The Public Accounts Committee was critical of these arrangements, with committee chair Margaret Hodge warning in March 2012 that “Locog now needs more than twice the number of security guards it originally estimated... It is staggering that the original estimates were so wrong. Locog has had to renegotiate its contract with G4S for venue security from a weak negotiating position, and there is a big question mark over whether it secured a good deal for the taxpayer.”

Publicly, the issue then quietened down, but behind the scenes multiple reports warned of risks around security provision. Even before the Games began, says the Commons Home Affairs Committee’s chair Keith Vaz, there were “four reports into the problems of Olympic security: two from HMIC [Her Majesty’s Inspectorate of Constabulary], a Deloitte Report, and one from KPMG.” Vaz’s committee is now writing its own report, to be published imminently.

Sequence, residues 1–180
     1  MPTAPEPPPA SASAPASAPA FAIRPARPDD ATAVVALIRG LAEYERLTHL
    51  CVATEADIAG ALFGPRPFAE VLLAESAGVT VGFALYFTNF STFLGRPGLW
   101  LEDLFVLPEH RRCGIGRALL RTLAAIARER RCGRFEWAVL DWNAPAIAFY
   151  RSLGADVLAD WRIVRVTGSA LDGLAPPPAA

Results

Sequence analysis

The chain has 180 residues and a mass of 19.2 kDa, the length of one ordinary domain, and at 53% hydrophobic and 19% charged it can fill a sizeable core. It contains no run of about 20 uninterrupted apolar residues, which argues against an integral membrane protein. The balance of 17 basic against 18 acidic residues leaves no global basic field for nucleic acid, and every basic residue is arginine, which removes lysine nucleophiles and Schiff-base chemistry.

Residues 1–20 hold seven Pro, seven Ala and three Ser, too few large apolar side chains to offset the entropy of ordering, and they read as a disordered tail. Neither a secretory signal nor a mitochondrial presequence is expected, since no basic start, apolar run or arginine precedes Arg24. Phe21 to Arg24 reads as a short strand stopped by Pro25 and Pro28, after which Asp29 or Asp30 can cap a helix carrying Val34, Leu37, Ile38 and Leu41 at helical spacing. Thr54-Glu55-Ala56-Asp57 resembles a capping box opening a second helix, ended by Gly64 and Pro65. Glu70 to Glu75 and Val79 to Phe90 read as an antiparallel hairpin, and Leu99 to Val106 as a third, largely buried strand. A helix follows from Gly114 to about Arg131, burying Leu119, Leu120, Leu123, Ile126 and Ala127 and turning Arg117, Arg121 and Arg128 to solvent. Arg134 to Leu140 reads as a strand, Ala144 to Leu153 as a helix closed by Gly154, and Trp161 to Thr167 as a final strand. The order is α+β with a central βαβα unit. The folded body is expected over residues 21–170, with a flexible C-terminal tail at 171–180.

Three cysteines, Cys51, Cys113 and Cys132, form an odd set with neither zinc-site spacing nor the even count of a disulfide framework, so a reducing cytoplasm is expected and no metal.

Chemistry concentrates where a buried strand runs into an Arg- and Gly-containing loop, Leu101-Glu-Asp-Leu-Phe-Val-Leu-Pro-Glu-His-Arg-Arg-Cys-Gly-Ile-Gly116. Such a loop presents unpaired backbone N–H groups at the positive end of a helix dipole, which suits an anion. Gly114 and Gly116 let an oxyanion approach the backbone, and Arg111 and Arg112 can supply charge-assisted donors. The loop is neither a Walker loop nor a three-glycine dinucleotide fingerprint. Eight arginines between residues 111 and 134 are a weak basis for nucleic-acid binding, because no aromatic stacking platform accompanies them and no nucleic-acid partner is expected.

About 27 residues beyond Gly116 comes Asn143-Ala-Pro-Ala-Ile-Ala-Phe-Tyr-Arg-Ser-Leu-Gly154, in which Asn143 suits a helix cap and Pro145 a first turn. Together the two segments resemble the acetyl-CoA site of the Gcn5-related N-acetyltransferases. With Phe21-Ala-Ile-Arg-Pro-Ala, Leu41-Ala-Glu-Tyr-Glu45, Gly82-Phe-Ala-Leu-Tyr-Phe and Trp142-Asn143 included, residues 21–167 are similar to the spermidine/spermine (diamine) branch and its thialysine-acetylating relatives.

These four reports raised various concerns, with April’s Deloitte review warning that G4S’s management information was weak. An HMIC review in September said Locog’s security programme was behind schedule, and “may put aspects of security at the Games at risk”.

However, it was not until 3 July that G4S became worried that it would not meet the terms of its new contract. On 11 July, the company admitted at an Olympic Security Board meeting that it could not do so.

Asked why it was so late before G4S admitted its problems, its chief executive Nick Buckles told the Home Affairs Committee that “to get 10,000 people-plus on the ground in a relatively short period of time has been a huge logistical challenge. We did not know that the contract was not going to perform until very late on, purely because the whole process is very back-ended in terms of getting everybody ready for the games. We had filters in place all the way through from March onwards to see how well we were progressing in that recruitment drive, but the fact is that you have lots of different parts coming together at the last minute”.